• Scenario – the experience you’re going to map. For example, is it an existing process or experience or are you going to be envisioning the future state of something?
  • Phases  – these are touch points that client/user interacts with your product or service.
  • Actions/Mindsets/Emotions – for each touch point, determine the action the user takes, their thoughts, emotional experience and potential opportunities.

 

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Job Applicant Journey Map (Source)

 

Basing the journey on data

Now before you run off and start creating journey maps for all the experiences your customers are going through, you’ll want to ensure that you’re basing them off of data and research. This means getting as close to your user or customer as possible through things like user interviews and surveys. This will help to ensure that the experience you’re mapping is grounded and based on the actual experience your clients are going through.

During the Advanced Instructional Design Course, my teammates and I worked on designing a learning experience for volunteers at a Cat Shelter. We parsed through nearly 200 pages of existing documentation and conducted our own user interviews. Talk about a lot of data! As part of our design solution, we created a journey map for a potential learning experience. This helped our group to envision all of the emotions, goals, motivations, and actions that the learner would potentially go through with our solution. Once we had more insight into the learner, we used all of the information to help us identify potential learning opportunities that would help them along their journey.

CatVolunteer_JourneyMap
Journey Map for Cat Shelter Volunteers

Overall, I ended up falling in love with journey maps throughout the course of the past semester. They’re another tool, I’m happy to add into my toolbox. I could see them being used by learning designers to gain more insight into learners.

So go on, what’re you waiting for? I hope you give journey maps a try and end up loving them as much as I do!

 

NOTE: If you’re a learning practitioner looking to incorporate design thinking into your process feel free to give me a shout 🙂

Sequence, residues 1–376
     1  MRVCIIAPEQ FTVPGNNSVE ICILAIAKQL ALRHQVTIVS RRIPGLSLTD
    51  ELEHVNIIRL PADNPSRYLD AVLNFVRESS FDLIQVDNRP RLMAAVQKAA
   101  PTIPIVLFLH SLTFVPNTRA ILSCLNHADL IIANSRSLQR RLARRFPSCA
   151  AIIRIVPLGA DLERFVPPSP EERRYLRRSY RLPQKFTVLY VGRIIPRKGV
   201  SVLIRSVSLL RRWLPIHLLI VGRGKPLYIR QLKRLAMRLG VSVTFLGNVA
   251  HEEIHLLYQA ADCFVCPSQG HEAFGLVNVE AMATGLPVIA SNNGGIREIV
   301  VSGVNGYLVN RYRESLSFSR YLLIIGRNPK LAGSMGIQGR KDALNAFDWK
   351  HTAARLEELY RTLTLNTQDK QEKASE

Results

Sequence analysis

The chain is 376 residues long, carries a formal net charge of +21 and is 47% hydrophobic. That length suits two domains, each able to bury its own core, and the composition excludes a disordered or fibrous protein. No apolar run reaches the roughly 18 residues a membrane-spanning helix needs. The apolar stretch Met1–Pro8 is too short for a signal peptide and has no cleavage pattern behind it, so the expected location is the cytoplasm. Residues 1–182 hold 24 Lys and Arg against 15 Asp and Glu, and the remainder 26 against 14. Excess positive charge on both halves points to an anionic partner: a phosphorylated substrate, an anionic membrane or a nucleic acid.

Lost without a paddle: My journey into the uncharted waters of learning experience design

Anyone looking for L&D jobs over the past few years may have noticed a growing trend – the move away from the label Instructional Designer and move towards Learning Experience Designer.

I experienced this shift first hand after being promoted to Learning Experience Designer within my organization 9 months ago. The move uprooted me from our learning team and placed me right in the middle of our small but mighty cross-functional user experience team.

To say the transition was a challenge is a complete understatement! I very quickly had to begin applying concepts I never encountered before like design thinking, prototyping, and iteration within my content creation process. Despite the initial growing pains, I have now settled firmly into my role in Learning Experience Designer and understand the need for instructional designers to shift to a learning experience design mindset.

What is learning experience design?

I would define Learning Experience Design as the practice of creating learning experiences that enables learners to achieve a desired performance outcome. Learning Experience Design uses an iterative approach that focuses on understanding the users challenges and experiences to design iterative solutions to help solve their needs.

This doesn’t mean limiting learning experiences to formal learning that take place in a school or classroom. Quite the opposite, learning experiences can take place anywhere; at home, while working, or on the go.

Learning Experience Designers focus on the holistic learning experience and what the learner is going through. This means that rather than simply focusing on designing curriculum or instruction, the learning experience designer will consider the learner and everything they’re experiencing. They’ll then use that information to create solutions such as: